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Global warming can release carbon from tropical soils

According to a new study published Wednesday in the journal Nature. An experiment that heats the soil below a tropical rainforest to mimic the temperatures expected in the coming decades found that hotter lands emit more carbon dioxide to warm the planet 55 % relative to nearby un-heated areas.

If the result were to be applied across tropical regions, much of the carbon stored underground could be released when the planet heats up.

“The shrinkage rate is huge,” said Andrew Nottingham, an ecologist at the University of Edinburgh and lead the study. “It̵

7;s a bad news story.”

The thin soil that covers most of our planet’s soil stores vast amounts of carbon – more in total than all the plants and the atmosphere combined. That amount of carbon feeds the colonies of bacteria and fungi, which build some of them into more bacteria while inhaling the rest into the atmosphere in the form of carbon dioxide. Many of these bacteria grow more actively at warmer temperatures, speeding up their digestion and respiration.

Eric Davidson, an environmental scientist at the University of Maryland College of Environmental Science in Frostburg, who was not involved in the study, said the finding “is another example of why we need to worry more.” about the rate of global warming.

In an effort to predict the future, in the early 1990s, ecologists began building machines to artificially heat the soil. Such experiments in temperate and montane forests have shown that carbon-rich soils almost always produce carbon dioxide when heated. In 2016, a team of researchers estimated that, by 2050, soil could emit gases that warm the planet to the same level as adding to the carbon footprint of a new country the size of the United States. States.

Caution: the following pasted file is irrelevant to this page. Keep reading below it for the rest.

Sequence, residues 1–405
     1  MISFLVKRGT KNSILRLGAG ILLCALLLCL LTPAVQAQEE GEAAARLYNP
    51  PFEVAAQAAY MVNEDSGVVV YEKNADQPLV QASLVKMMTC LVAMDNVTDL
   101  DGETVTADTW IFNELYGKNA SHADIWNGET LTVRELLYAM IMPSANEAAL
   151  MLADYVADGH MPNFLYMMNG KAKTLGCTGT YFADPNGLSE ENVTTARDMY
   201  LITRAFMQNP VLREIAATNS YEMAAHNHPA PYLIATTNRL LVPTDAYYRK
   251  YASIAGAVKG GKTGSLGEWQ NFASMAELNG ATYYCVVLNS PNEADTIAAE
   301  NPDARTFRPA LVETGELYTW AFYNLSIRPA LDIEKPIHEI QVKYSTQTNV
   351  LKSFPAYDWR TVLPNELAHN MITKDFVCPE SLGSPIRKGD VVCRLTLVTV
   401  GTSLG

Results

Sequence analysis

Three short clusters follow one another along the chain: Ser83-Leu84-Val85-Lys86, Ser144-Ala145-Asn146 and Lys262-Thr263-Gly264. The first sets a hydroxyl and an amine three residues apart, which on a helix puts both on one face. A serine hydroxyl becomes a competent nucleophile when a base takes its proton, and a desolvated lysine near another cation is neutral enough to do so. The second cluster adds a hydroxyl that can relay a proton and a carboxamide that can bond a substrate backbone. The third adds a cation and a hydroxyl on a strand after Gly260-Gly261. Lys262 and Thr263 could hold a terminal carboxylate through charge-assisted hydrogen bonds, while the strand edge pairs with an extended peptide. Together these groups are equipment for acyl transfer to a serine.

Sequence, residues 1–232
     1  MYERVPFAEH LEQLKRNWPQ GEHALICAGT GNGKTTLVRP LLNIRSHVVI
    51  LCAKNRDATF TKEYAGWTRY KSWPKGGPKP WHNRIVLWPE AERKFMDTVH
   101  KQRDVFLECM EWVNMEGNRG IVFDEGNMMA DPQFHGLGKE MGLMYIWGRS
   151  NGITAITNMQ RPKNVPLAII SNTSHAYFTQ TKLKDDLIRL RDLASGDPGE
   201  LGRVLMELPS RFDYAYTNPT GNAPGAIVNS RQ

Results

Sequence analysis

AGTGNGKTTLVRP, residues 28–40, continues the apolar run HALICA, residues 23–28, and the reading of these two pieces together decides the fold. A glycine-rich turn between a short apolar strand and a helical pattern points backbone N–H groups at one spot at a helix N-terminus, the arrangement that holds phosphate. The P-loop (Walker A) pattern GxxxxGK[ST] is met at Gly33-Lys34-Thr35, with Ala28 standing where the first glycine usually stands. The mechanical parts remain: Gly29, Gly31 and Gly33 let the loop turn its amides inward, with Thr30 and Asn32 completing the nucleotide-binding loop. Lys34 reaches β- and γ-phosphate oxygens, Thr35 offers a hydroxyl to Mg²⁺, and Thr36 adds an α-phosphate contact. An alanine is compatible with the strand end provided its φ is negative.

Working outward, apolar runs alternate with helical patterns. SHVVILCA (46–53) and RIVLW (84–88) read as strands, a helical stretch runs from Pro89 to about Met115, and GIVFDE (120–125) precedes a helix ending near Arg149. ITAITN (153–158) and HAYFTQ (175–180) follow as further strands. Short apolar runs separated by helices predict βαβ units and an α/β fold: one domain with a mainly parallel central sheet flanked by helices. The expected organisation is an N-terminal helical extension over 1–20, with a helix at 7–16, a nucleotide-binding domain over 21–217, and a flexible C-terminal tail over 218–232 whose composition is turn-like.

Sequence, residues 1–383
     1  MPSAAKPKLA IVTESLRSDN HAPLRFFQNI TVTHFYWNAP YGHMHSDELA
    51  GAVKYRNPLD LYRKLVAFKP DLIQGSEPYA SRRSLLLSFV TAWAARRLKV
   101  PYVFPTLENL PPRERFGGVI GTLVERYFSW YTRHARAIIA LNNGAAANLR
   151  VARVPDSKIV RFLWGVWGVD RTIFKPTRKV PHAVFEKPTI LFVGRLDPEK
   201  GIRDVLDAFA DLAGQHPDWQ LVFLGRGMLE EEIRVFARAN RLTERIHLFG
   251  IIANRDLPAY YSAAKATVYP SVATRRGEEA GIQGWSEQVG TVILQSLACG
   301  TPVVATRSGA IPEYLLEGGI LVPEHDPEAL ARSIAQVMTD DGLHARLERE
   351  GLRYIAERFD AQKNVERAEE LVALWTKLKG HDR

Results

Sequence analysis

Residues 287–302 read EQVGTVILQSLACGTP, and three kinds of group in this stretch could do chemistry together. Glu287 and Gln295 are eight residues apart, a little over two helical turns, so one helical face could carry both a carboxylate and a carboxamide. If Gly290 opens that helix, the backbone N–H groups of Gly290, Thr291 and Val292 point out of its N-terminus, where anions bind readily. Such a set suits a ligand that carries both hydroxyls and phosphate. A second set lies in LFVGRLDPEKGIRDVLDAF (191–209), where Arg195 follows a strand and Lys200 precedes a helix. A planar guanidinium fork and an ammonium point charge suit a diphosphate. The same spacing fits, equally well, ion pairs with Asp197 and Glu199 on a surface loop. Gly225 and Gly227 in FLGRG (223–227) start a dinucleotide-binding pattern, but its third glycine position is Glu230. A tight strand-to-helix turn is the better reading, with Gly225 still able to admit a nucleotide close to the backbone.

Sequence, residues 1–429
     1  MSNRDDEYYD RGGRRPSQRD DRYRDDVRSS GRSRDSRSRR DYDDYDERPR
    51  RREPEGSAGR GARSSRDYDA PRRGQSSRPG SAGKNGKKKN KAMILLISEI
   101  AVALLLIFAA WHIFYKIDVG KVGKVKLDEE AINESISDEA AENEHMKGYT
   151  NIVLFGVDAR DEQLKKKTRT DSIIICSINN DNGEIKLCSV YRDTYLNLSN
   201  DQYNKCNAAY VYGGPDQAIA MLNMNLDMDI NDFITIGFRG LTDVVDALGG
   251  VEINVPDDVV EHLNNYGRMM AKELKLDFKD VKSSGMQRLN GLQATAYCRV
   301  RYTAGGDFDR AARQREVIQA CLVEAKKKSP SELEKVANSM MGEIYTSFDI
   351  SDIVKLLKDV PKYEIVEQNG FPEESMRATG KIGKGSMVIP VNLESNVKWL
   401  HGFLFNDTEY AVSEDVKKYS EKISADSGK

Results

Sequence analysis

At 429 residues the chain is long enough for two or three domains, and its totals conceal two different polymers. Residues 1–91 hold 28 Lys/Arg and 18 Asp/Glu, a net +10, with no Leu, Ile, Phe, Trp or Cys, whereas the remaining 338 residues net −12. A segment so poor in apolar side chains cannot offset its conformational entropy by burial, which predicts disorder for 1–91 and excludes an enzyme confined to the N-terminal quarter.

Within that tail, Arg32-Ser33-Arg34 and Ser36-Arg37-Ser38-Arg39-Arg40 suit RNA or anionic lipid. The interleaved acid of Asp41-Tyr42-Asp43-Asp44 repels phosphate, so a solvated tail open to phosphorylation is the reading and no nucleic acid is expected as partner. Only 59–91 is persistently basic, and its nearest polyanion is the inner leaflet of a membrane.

But that study removed the warm, biodiversity tropical regions forever, where one-third of the total carbon in the soil. Finding the fate of this carbon would require grappling with the many pitfalls of doing research in the tropics: humidity, storms and countless hungry animals can compromise research equipment – no such as chewing wire or protective coating – and about the researchers themselves.

Margaret Torn, an ecologist at Lawrence Berkeley Laboratory in California who was not involved in the study, said that to understand the soil’s contributions to climate change, the tropics “are a really important area. “but” has not really been studied.

In 2014, Dr. Nottingham, then a postdoctoral fellow at the University of Edinburgh, went to Barro Colorado Island, a man-made island in the Panama Canal area where the Institute of Tropical Studies is located. Smithsonian. He buried the wires in five circular plots to a depth of almost four meters. In order to protect against aggressive elements and insects, he shielded the wires inside metal structures shaped like bizarre large spiders. Measurements have been recorded inside the weatherproof box.

Dr. Nottingham said: “Our experiment was basically me making postdoc doing everything from a DIY store.